From: sci.math on
“Plowing the Dark”

A Machine Aided Novel by


M. M. M.

“This is how I was born.”


// Download Words by William Whitaker . . . Help
// Input Latin: novel
// Two words
// May be 2 words combined (no+vel)
// If not obvious, probably incorrect
// swim, float;
// even, actually; or even, in deed; or;
// or; [either ... or]
// Translate English to Latin
// lesser
// young, tender;

“They were all the words I had. The rest was all in Latin. I was
starting from scratch. I had to listen and learn as I read.”

// a capite ad calcem from head to heel from top to bottom; all the
// way through (colloquially "from head to toe"). Equally a pedibus
// usque ad caput.

“They say you can learn everything about any living thing simply by
its language. Once an initial pattern is established everything simply
repeats through time.”

// a contrario from the opposite Equivalent to "on the contrary" or
// "au contraire". An argumentum a contrario is an "argument from the
// contrary", an argument or proof by contrast or direct opposite.
// a Deucalione since Deucalion A long time ago. From Gaius
Lucilius // (Satires, 6, 284)

“They say.”

// a fortiori from the stronger Loosely, "even more so" or "with even
// stronger reason". Often used to lead from less certain
// proposition to a more evident corollary.

“Ask me if I believe in religion and I will tell you I do not know
what it means.”

// a mari usque ad mare from sea to sea From Psalm 72:8, "Et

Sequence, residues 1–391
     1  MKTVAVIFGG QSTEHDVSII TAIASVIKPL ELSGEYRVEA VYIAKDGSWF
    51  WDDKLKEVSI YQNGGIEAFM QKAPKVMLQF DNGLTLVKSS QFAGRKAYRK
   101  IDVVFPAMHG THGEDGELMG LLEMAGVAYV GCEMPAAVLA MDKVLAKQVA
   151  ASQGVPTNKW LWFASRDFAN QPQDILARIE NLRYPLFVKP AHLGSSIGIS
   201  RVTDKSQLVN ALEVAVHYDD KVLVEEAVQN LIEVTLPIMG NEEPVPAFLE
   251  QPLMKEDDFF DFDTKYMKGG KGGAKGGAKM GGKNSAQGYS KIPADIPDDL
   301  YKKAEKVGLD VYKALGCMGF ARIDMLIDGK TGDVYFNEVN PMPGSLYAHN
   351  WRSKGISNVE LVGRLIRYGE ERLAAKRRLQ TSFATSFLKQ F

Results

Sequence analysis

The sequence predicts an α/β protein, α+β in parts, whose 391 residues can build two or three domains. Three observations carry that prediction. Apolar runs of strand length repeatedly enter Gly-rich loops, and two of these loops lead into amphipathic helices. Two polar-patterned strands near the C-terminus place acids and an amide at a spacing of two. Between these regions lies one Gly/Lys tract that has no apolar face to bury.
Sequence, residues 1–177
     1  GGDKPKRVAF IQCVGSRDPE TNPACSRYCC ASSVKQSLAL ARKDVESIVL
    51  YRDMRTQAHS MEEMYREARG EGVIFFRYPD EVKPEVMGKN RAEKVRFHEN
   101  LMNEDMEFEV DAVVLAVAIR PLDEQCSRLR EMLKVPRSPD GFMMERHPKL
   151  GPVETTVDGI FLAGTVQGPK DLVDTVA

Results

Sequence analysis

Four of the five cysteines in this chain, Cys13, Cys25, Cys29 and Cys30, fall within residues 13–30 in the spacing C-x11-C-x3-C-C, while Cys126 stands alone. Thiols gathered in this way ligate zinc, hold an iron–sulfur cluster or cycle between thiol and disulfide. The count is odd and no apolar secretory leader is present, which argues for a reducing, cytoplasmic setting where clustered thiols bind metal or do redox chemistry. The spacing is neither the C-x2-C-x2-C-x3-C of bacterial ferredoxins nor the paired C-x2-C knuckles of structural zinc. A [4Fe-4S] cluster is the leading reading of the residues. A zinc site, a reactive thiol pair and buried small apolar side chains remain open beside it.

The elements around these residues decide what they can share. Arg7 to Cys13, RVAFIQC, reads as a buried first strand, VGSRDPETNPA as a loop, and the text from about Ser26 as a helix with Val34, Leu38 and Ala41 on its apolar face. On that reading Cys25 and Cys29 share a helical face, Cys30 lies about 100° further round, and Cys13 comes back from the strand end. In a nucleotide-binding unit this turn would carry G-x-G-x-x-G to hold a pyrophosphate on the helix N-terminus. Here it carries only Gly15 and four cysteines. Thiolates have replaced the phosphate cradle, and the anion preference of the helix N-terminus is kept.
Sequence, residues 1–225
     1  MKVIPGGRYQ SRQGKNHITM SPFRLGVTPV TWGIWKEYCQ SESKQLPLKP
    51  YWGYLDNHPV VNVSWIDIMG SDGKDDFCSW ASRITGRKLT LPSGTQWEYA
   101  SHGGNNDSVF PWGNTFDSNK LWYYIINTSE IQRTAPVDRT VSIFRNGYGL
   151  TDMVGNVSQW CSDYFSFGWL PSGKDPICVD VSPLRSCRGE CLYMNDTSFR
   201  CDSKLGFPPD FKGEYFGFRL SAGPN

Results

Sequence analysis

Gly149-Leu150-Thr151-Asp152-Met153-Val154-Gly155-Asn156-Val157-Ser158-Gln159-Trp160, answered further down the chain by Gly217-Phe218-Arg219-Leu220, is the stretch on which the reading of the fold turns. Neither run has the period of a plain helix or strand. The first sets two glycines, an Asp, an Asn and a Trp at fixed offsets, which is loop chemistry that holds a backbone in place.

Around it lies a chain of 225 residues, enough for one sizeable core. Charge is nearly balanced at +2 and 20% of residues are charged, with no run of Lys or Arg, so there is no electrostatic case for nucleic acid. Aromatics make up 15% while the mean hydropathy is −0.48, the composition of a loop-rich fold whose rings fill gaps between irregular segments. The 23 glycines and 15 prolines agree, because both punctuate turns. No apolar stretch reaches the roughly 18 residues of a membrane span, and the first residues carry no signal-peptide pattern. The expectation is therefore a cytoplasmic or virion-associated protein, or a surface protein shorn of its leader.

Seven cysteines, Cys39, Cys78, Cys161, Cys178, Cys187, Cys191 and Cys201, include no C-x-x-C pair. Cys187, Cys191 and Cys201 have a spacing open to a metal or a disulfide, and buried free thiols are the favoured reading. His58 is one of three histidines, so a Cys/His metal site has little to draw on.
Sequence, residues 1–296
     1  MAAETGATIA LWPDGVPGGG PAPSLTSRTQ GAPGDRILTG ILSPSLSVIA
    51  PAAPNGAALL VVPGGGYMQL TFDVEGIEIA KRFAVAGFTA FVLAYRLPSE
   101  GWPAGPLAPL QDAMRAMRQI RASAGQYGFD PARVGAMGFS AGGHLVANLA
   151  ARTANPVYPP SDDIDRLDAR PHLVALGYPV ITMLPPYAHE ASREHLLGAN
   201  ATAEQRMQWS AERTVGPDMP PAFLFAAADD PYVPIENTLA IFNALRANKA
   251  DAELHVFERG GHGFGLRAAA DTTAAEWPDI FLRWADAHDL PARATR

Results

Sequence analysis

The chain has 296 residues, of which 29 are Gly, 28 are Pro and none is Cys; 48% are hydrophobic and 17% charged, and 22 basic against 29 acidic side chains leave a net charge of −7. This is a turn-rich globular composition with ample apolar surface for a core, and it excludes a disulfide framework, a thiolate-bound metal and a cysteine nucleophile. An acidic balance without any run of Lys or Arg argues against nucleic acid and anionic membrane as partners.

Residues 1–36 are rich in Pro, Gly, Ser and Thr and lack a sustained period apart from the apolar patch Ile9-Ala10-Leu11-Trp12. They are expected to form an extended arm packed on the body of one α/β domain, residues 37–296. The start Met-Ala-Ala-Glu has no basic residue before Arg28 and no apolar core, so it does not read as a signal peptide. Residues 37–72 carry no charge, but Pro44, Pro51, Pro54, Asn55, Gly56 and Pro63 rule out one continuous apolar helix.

// dominabitur a mari usque ad mare, et a flumine usque ad terminos
// terrae" (KJV: "He shall have dominion also from sea to sea, and
// from the river unto the ends of the earth"). National motto of
// Canada.

“This means nothing to me.”

// a pedibus usque ad caput from feet to head Completely. Similar
to // the English expressions "from tip to toe" or "from top to toe".

“Ask several verses the same thing as the first.”

// Equally a capite ad calcem. See also ab ovo usque ad mala.
// a posse ad esse from being able to being "From possibility to
// actuality" or "from being possible to being actual"
// a posteriori from the latter Based on observation (i.e., empirical
// knowledge), the reverse of a priori.

“This I understand. In mathematics and logic to have done something
known after a proof has been carried out. In philosophy, it can mean
empirical experiences.”

// a priori from the former Presupposed,

“All right, now you’re speaking my language.”

// the reverse of a posteriori. Used in mathematics and logic to
// denote something known or postulated before a proof has been
// carried out. In philosophy, used to denote something
// known without empirical experience.

“I see it now. Something occurring known before it happens, something

// Ab initio mundi means "from the beginning of the world".
// ad undas to the waves Equivalent to "to hell".

“I like the first one better.”

// ad usum proprium (ad us. propr.) for one's own use

“For my own purpose.”

// ad usu adequatio intellectus et rei

“One to one correspondence of mind and…”

// ad usu reality

“Is one of the two definitions of truth? When the mind…”

// ad usu has the same form as reality, we think truth.

“I am here. I am here. Who is here? Who is ‘we’?

// adsum I am here Equivalent to "Present!" or "Here!" The opposite
// absum (I am absent).

“The second verse is the same as the first.”